Recently in the kitchen we have renewed our love affair with miso soup. While others will tell you to spend time making stocks and broths for miso soup, and cook any number of ingredients, I have a wonderful, never-fail, 5 minute approach to making miso soup. The secret is, there is little that needs to be pre-cooked for miso soup. The most I do is to soak some cute little beancurd bows (but even the pre-soaking can be skipped), and perhaps some noodles. They soak while the kettle boils and the ingredients are sliced. Mix miso with hot water until dissolved, pour into a lovely bowl, add the thinly sliced ingredients and a few other flavour enhancers (see my post), the noodles if using, the beancurd perhaps, and sip contentedly. Deep flavours, comfort and nourishment. What more could you want?
Ottolenghi’s approach to what I consider to be his version of my miso soup (without using miso, let me be clear). Yet his is faaaar more complicated. It is a kitchen-sink style approach. Perhaps he should use miso! He considers this recipe to be a variation on Asian soups such as Thai tom yum or Vietnamese pho. The key is the stock, which must be rich and hearty, with many layers of flavour. And, miso or not, the broth is extraordinary! Hot and sour as promised. Earthy and deep, yet with a lightness too. It was a real surprise. Make double and freeze half.
He doesn’t add noodles, but you can. I recommend making double the amount of broth, make the mushroom soup as-is, then decide how to use the second half with the noodles. Mushrooms and noodles. Greens and noodles. Fried tofu and noodles.
It’s interesting to me that he doesn’t include dried shiitake mushrooms in the stock (and sliced for the soup). Dried Shiitake are a vegetarian’s best friend when it comes to dark, flavoursome broths. Anyway, this is how I make an Asian Stock that is so delicious it is worth keeping some in the fridge and freezer, and using it for whatever you are making – rice, risotto, noodles, …. Ottolenghi’s is rather similar, come to think of it. But my broth is light and summery, his is deep and earthy.
You’ve guessed it, this is an Ottolenghi dish from Plenty More. In fact, it is Ottolenghi day on the blog – one of two days per month where we publish all the latest posts of recipes we have tried in our project of cooking from Ottolenghi books – currently we are cooking from Plenty More, but not ignoring his other books completely. Note that I often slightly massage the recipes to suit what is available from our garden and pantry.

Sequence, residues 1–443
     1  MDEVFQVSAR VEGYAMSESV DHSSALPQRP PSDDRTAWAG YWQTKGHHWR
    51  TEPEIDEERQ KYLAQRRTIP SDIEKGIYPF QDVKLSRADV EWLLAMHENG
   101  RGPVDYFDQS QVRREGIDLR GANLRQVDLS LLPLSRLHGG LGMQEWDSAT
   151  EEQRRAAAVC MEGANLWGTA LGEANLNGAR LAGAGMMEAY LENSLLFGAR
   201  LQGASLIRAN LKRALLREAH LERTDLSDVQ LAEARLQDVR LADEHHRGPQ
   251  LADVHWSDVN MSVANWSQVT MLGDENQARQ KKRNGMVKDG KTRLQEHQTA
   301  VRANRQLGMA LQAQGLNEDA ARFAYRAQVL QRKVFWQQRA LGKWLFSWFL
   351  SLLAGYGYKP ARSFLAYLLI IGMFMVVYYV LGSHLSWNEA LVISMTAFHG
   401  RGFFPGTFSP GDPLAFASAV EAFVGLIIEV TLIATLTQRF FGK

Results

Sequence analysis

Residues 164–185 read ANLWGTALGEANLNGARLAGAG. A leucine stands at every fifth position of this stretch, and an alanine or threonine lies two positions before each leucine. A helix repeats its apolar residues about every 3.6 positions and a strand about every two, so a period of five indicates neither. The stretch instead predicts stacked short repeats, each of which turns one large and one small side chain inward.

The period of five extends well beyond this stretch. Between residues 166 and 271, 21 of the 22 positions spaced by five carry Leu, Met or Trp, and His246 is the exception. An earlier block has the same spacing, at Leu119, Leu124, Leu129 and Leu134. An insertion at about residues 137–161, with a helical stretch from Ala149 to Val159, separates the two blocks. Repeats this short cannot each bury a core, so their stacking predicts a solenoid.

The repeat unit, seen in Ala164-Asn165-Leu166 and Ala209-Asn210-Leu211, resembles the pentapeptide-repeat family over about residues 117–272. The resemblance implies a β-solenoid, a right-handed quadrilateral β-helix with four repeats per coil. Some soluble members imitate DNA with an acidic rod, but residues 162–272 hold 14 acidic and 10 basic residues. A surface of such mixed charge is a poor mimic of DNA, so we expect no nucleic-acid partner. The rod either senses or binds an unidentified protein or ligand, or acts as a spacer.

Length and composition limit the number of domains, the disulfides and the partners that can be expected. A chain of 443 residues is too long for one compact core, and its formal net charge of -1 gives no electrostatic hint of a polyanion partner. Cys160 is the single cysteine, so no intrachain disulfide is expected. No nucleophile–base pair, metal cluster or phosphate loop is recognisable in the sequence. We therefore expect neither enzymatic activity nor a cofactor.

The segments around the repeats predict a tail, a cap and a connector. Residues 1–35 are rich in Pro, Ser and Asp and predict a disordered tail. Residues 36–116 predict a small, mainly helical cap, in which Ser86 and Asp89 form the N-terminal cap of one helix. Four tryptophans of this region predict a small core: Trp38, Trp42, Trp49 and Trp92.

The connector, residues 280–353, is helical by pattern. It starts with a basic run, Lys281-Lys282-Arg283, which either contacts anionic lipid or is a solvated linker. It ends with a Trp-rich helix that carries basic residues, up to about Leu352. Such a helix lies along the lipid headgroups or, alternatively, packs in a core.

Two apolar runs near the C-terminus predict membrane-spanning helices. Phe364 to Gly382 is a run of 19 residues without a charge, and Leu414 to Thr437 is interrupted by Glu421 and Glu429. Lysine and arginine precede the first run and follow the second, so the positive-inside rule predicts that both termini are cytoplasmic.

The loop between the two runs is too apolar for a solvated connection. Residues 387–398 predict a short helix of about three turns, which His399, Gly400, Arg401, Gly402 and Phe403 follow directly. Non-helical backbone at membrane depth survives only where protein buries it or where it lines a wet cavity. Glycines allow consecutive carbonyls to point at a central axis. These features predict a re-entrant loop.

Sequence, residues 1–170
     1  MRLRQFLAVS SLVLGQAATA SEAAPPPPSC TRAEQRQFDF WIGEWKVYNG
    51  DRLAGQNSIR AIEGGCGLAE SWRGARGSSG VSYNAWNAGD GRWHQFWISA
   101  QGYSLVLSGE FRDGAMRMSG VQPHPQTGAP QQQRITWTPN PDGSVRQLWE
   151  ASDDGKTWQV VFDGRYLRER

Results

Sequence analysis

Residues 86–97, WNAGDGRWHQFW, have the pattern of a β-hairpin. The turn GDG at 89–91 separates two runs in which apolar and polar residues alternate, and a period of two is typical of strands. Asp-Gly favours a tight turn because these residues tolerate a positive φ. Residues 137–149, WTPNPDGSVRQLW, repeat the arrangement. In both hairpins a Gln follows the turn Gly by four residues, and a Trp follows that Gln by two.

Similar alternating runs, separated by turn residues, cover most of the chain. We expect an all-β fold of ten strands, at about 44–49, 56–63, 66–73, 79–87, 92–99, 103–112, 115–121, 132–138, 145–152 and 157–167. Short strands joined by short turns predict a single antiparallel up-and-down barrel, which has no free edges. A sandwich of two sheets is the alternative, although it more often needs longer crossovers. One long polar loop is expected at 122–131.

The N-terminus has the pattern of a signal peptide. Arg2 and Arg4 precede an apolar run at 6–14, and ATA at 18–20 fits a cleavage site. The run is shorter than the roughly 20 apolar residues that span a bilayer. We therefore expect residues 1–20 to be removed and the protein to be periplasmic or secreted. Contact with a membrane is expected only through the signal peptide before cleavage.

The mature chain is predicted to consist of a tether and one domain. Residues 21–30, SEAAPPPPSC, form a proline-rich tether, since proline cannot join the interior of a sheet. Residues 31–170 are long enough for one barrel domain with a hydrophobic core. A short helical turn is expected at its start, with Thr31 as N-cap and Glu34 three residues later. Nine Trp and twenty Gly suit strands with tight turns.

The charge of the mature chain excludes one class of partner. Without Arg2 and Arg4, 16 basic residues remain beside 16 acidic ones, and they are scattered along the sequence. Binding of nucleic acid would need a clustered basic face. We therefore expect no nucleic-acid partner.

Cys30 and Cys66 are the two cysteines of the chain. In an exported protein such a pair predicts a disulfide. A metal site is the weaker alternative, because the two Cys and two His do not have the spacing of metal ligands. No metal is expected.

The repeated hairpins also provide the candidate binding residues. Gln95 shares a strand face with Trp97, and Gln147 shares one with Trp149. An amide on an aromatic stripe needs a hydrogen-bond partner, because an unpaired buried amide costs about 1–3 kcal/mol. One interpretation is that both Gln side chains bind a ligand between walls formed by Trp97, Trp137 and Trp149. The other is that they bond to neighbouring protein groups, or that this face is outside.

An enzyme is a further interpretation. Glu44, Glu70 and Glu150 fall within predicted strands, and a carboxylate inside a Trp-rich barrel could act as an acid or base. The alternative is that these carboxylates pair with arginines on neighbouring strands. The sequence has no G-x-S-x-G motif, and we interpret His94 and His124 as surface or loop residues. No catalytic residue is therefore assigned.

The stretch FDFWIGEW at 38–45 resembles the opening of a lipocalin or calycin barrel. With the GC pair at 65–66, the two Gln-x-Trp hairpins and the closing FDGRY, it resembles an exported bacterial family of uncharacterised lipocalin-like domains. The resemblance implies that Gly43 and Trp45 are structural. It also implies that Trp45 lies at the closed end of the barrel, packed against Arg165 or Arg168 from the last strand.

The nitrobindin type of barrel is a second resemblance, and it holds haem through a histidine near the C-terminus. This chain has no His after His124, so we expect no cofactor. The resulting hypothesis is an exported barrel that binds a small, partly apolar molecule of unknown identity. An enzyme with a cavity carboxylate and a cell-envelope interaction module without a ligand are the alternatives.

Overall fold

Browse all of our Soups and all of our Mushroom recipes. Our Ottolenghi dishes from Plenty More are here. We have written about our experiences cooking through this book. Or explore our Mid Autumn dishes.
Hot and Sour Mushroom Soup
3 medium onions, peeled and cut into large pieces
3 medium carrots, peeled and cut into large pieces
6 sticks celery, roughly chopped
6 garlic cloves, peeled
75g ginger, peeled and roughly chopped
3 lemongrass stalks, very roughly chopped
3 red chillies, roughly chopped
6 star anise
2 Tblspn soy sauce
6 lime leaves
30g chopped coriander root
120g enoki mushrooms
120g white mushrooms, sliced
160g shimeji mushrooms
Juice of 2 limes
20g coriander leaves, plus extra
20g Thai basil leaves
160g bean sprouts
160g green beans, blanched for four minutes and refreshed
4 tspn tamarind paste
½ tspn salt
Toasted sesame oil, to finish
In a large pan, char the onion, carrot, celery, garlic and ginger in a tiny amount of oil. Cook for five minutes, or until the edges begin to colour.
Add 2.25 litres of water, the lemongrass, prunes, chillies, star anise, soy, lime leaves and coriander root. Cook on a low simmer for at least 45 minutes, to infuse.
Strain the stock, return to the pan (you can discard the vegetables, but you may love the carrot and celery) and bring to a very low simmer. Add the enoki and white mushrooms and cook for a minute. Add the remaining ingredients apart from the sesame oil, and heat through for a minute.
Taste, adjust the seasoning as needed, and ladle into warm bowls. Finish with sesame oil, not more than a few drops in each bowl, and coriander leaves.
recipe notes and alternatives
Some Japanese or Chinese noodles are an excellent addition.
I also added to the broth – dried shiitake and porcini mushrooms, wakame, lemon verbena, brown cardamom. A trick I was taught by a French chef a long time ago was, for a little sour, which is always good in broth and stocks, add half a lemon or lime. I added a little here, not too much, as tamarind is added later.